Tennessee's license suspensions ruled unconstitutional, and the news in criminal justice this week

“If a person has no resources to pay a debt, he cannot be threatened or cajoled into paying it…”

A federal judge in Nashville has ruled that Tennessee’s policy of revoking drivers licenses over unpaid court fees is unconstitutional. In her ruling, Judge Aleta Trauger noted that driving was “a virtual necessity for most Americans,” and that suspensions made it more difficult for individuals to earn the money needed to pay court debts. Between 2012 and 2016, more than 146,000 people had their licenses suspended under the policy, and only 10,750 have had their licenses reinstated. 

“[T]he debate is happening for a supremely conservative reason: because states have demonstrated it can work.”

Washington Post columnist Michael Gerson highlights justice reform as a ‘trans-partisan’ issue, which can unite liberals, libertarians, fiscal conservatives and religious activists. Gerson points to successes in Texas, Georgia and Louisiana, which have limited mandatory minimums, promoted alternatives to incarceration for people with addiction and mental health issues, and made better use of parole. Arthur Rizer and Lars Trautman’s review of red-state reforms, which informs Gerson’s column, was published in the current issue of National Affairs.

“Are we incarcerating the right number of folks for the right crimes?”

As they deal with prison overcrowding and the prospect of $500 million in prison expansions, Idaho officials are looking to Utah as a model of criminal justice reform. Utah reformed drug laws and invested in substance abuse treatment programs, and saw a decline in the prison population and the rate of crime. Idaho law currently allows a sentence of up to seven years in prison for the first-time possession of illegal drugs in any amount, and 49 percent of newly sentenced inmates in the past year were imprisoned for drug crimes.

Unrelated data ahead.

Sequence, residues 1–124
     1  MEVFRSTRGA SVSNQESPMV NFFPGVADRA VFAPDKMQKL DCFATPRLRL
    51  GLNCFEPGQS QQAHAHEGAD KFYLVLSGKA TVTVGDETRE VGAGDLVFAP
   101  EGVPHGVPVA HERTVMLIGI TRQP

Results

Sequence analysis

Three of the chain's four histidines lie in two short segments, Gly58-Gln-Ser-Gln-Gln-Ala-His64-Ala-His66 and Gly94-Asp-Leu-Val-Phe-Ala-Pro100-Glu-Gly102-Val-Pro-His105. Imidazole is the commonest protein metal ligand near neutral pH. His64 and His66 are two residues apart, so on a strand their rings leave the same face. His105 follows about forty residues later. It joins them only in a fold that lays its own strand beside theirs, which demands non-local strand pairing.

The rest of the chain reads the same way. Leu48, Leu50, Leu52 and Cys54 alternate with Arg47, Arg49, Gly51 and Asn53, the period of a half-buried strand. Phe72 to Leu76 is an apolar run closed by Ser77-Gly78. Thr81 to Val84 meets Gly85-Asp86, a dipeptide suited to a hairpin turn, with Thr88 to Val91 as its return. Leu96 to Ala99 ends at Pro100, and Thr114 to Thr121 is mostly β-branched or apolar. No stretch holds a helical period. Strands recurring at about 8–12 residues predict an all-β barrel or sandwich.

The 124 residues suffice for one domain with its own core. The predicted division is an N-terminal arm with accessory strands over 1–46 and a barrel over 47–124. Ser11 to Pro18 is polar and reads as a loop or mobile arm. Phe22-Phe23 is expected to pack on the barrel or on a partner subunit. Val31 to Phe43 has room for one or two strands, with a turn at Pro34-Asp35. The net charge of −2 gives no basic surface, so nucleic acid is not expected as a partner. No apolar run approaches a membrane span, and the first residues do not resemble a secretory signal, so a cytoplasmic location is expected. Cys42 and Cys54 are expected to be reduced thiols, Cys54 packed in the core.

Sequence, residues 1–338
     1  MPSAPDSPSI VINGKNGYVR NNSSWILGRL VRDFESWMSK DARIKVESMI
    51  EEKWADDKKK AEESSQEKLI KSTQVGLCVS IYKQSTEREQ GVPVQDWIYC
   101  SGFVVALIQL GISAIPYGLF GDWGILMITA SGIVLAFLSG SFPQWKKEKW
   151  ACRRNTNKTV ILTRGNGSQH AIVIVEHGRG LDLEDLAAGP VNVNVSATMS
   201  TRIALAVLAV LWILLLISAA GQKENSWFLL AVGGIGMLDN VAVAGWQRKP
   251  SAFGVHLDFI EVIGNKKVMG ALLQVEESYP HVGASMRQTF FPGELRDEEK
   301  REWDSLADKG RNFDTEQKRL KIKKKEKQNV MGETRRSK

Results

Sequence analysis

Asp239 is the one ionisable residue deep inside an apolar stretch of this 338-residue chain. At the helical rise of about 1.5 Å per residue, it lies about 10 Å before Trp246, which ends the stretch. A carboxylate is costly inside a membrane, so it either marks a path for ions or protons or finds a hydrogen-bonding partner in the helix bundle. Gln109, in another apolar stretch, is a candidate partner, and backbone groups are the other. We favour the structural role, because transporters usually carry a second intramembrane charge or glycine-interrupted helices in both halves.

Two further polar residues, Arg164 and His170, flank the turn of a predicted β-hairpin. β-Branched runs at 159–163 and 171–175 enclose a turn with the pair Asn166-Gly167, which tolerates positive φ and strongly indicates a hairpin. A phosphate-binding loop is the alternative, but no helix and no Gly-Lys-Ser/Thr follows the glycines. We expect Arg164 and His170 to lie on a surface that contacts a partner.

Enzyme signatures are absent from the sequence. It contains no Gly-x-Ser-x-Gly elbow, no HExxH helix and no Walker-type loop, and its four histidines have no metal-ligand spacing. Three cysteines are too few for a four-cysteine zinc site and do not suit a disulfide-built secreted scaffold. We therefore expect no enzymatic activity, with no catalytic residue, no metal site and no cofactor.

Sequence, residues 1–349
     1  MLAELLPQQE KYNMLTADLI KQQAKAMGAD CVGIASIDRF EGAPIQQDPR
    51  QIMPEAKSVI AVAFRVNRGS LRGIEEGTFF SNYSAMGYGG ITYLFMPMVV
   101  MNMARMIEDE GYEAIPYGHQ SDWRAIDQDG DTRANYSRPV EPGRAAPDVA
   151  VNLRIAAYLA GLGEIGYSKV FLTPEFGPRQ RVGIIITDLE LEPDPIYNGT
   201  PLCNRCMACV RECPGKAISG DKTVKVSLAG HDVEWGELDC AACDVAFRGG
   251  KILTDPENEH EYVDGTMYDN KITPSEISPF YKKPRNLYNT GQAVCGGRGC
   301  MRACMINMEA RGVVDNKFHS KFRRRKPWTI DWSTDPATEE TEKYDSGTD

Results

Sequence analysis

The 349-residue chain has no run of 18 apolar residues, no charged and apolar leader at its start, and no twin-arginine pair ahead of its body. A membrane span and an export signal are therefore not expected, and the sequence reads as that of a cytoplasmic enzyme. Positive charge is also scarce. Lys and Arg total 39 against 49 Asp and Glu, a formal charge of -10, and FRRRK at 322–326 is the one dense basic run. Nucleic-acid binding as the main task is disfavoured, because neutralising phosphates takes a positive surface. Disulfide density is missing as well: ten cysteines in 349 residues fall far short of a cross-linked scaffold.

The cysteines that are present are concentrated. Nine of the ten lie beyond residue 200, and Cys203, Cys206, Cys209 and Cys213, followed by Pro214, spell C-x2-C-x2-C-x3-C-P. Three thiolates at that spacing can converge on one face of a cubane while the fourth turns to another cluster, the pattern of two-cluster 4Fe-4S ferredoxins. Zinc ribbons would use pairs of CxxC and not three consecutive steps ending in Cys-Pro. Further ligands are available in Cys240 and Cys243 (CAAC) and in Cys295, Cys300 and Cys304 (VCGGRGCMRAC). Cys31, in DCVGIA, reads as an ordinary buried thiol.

“Having a conviction, even a minor one, it puts up another hurdle. We’re trying to give people a leg up.”

The New York Times profiles advocates and people with criminal records who are trying to navigate the state’s complicated record-sealing system. A new law, which took effect in October, allows New Yorkers with no more than two misdemeanor convictions or one non-violent felony and one misdemeanor conviction to apply for record sealing after 10 years. As of the end of May, only 346 people had had their convictions sealed. For a deeper dive into reentry and collateral consequences, June’s Federal Sentencing Reporter"Managing Collateral Consequences in the Information Age,” includes studies from Indiana, North Carolina, Nevada, Tennessee and California, as well as a state-by-state guide to expungement.  

“Offering intensive support through reentry services is a well-tested solution that can break the cycle of re-incarceration.”

Legislators in Massachusetts are considering allocating $3 million for community-based, residential reentry programs for fiscal 2019, 33 times more than the current $90,000 budget allocation. Current programs largely rely on grants and donations, and several reentry service providers have closed or scaled back in the last 18 months. The increase in funding would still leave Massachusetts well behind similar states—Ohio spent $66 million on reentry programs in 2017, and New Jersey spent $65 million on state-contracted halfway houses.